If you were considering quitting caffeine once and for all, now might be the time: Starbucks is raising its coffee prices at roughly 7,000 company-owned stores across the United States. Although the price hikes — which begin Tuesday — will vary by market, they'll mostly affect the cost of brewed coffee and lattes, as well as packaged whole bean and ground coffee sold at major grocery and retail stores. However, everyone's beloved frappuccino won't be getting a price increase, so at least there's still one way to stay cool this summer.
According to Starbucks, the increases will only make customers pay less than one percent more, on average, for a coffee, latte or mocha. Meanwhile, prices on packaged beans and coffee will be raised about eight percent. The increases come as a result of a drought in Brazil, the world's top producer of Arabica coffee beans. It's the first price increase for the coffee giant since March 2011.
So, how much more should Starbucks customers expect to shell out? Grande and venti — that's medium and large, to all you non-Starbucks goers — brewed coffee drinks will cost 10 to 15 cents more, while tall (small) and venti lattes and mochas will cost between 15 and 20 cents more. The price of grande lattes, one of the most popular Starbucks drinks, is expected to stay the same.
Packaged coffee will see the highest price increase — $1 more per bag. The current suggested retail price for a 12-ounce bag of Starbucks- brand coffee is $8.99.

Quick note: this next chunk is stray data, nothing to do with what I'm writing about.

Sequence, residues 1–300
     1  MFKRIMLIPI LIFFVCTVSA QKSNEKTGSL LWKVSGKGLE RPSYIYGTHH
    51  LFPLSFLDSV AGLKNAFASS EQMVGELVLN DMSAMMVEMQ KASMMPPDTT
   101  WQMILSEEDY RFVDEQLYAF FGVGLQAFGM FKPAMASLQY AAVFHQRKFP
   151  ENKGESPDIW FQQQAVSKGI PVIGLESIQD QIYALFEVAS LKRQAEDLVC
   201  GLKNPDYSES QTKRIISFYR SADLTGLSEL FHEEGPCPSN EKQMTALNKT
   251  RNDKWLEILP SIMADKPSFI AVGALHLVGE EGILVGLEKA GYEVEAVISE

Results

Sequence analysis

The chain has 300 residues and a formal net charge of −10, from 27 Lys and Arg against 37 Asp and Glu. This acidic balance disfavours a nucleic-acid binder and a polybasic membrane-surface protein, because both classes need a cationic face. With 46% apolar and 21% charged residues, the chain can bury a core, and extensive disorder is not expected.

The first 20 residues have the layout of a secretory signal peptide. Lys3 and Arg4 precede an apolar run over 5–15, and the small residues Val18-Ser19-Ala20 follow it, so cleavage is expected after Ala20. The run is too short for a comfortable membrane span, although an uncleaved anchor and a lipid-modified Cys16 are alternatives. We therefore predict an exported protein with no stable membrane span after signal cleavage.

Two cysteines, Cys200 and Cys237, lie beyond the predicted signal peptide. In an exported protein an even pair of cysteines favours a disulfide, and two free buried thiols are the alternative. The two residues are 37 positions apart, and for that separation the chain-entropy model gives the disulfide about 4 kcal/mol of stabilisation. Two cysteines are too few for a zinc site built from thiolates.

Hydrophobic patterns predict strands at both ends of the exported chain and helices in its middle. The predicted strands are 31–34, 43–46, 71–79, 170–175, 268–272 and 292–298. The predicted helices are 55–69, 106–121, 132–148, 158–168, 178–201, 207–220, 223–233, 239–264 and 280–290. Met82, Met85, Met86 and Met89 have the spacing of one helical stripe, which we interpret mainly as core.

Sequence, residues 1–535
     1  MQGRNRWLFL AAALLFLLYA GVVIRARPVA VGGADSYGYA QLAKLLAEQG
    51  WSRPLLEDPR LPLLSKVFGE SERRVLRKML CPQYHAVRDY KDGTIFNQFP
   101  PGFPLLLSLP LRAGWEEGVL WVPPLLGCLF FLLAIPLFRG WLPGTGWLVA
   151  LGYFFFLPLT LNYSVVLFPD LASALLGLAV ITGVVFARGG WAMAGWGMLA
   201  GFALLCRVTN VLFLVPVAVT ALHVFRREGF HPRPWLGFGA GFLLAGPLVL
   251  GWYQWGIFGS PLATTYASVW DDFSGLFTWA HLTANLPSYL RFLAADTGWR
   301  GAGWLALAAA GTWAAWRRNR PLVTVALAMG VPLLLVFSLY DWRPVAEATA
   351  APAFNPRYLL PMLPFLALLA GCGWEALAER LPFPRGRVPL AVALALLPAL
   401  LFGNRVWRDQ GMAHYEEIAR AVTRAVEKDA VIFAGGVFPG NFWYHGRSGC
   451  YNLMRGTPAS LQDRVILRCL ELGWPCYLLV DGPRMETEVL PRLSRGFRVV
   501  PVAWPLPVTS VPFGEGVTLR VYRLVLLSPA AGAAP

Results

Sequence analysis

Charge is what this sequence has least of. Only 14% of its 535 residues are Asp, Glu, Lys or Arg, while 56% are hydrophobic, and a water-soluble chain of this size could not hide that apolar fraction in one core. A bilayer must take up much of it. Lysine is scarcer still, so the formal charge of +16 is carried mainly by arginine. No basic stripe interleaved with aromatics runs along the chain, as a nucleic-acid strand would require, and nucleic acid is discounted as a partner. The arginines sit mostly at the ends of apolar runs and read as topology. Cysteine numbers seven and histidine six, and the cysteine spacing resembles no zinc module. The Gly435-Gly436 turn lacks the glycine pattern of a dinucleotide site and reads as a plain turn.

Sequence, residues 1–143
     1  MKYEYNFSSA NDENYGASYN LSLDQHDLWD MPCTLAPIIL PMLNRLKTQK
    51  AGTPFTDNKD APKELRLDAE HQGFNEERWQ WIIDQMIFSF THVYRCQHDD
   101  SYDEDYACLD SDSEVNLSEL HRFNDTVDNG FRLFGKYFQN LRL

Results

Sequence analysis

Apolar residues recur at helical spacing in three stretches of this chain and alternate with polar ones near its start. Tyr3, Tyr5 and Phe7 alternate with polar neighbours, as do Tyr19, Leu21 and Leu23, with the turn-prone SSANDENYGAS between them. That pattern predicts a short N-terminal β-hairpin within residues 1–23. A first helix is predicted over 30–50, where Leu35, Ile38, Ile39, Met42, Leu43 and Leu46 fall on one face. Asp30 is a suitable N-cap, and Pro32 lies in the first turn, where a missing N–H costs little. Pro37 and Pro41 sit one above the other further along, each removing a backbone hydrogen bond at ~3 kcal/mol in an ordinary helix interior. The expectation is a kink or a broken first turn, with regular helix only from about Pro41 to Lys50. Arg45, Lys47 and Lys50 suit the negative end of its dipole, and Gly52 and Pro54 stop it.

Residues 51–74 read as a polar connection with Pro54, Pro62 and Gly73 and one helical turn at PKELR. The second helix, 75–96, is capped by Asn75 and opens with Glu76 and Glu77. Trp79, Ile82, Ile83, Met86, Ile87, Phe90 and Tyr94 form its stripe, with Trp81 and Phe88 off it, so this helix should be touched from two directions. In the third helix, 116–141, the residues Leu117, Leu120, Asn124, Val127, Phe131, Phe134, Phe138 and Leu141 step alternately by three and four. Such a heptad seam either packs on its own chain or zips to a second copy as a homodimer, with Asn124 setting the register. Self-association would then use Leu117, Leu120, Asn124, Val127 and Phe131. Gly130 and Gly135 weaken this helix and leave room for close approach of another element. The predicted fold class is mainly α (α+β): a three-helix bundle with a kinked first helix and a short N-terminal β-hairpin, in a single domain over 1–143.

According to Bloomberg, Seattle's Best coffee, Keurig K-Cup and Via instant coffee won't be affected by the price hikes.
Starbucks isn't the only coffee retailer raising prices this year. The drought in Brazil has caused Arabica coffee to reach record-high prices, hitting $2.07 per pound in April. The surging coffee rates recently compelled Dunkin' Donuts to raise its prices earlier this month, but "not by much," according to Dunkin' Donuts CEO Nigel Travis.
Although the Dunkin' Donuts price increase is undisclosed, J.M. Smucker, the company that sells Dunkin' Donuts packaged coffee to retailers, recently announced a nine percent raise on its coffee products. The price hike will not only make Dunkin' Donuts coffee more expensive, but also Folgers — which may no longer be the best part of waking up (sorry, we had to). Keurig K-Cups are again exempted from the price surge, so perhaps this is the time to finally invest in one of those nifty single-cup coffee makers.
Starbucks coffee prices may be increasing more than Dunkin' Donuts, but it's certainly a give and take: To keep coffee prices down, Dunkin' Donuts franchises may have to raise the price of their food — and yes, that means doughnuts. According to CNBC, the ongoing coffee crisis may end up hurting the doughy pastry more than coffee itself, which isn't good news considering doughnuts are already declining in popularity.
Currently, financial experts say there's no end in sight; coffee prices may even continue to surge through 2015. So, maybe a switch to tea is in order?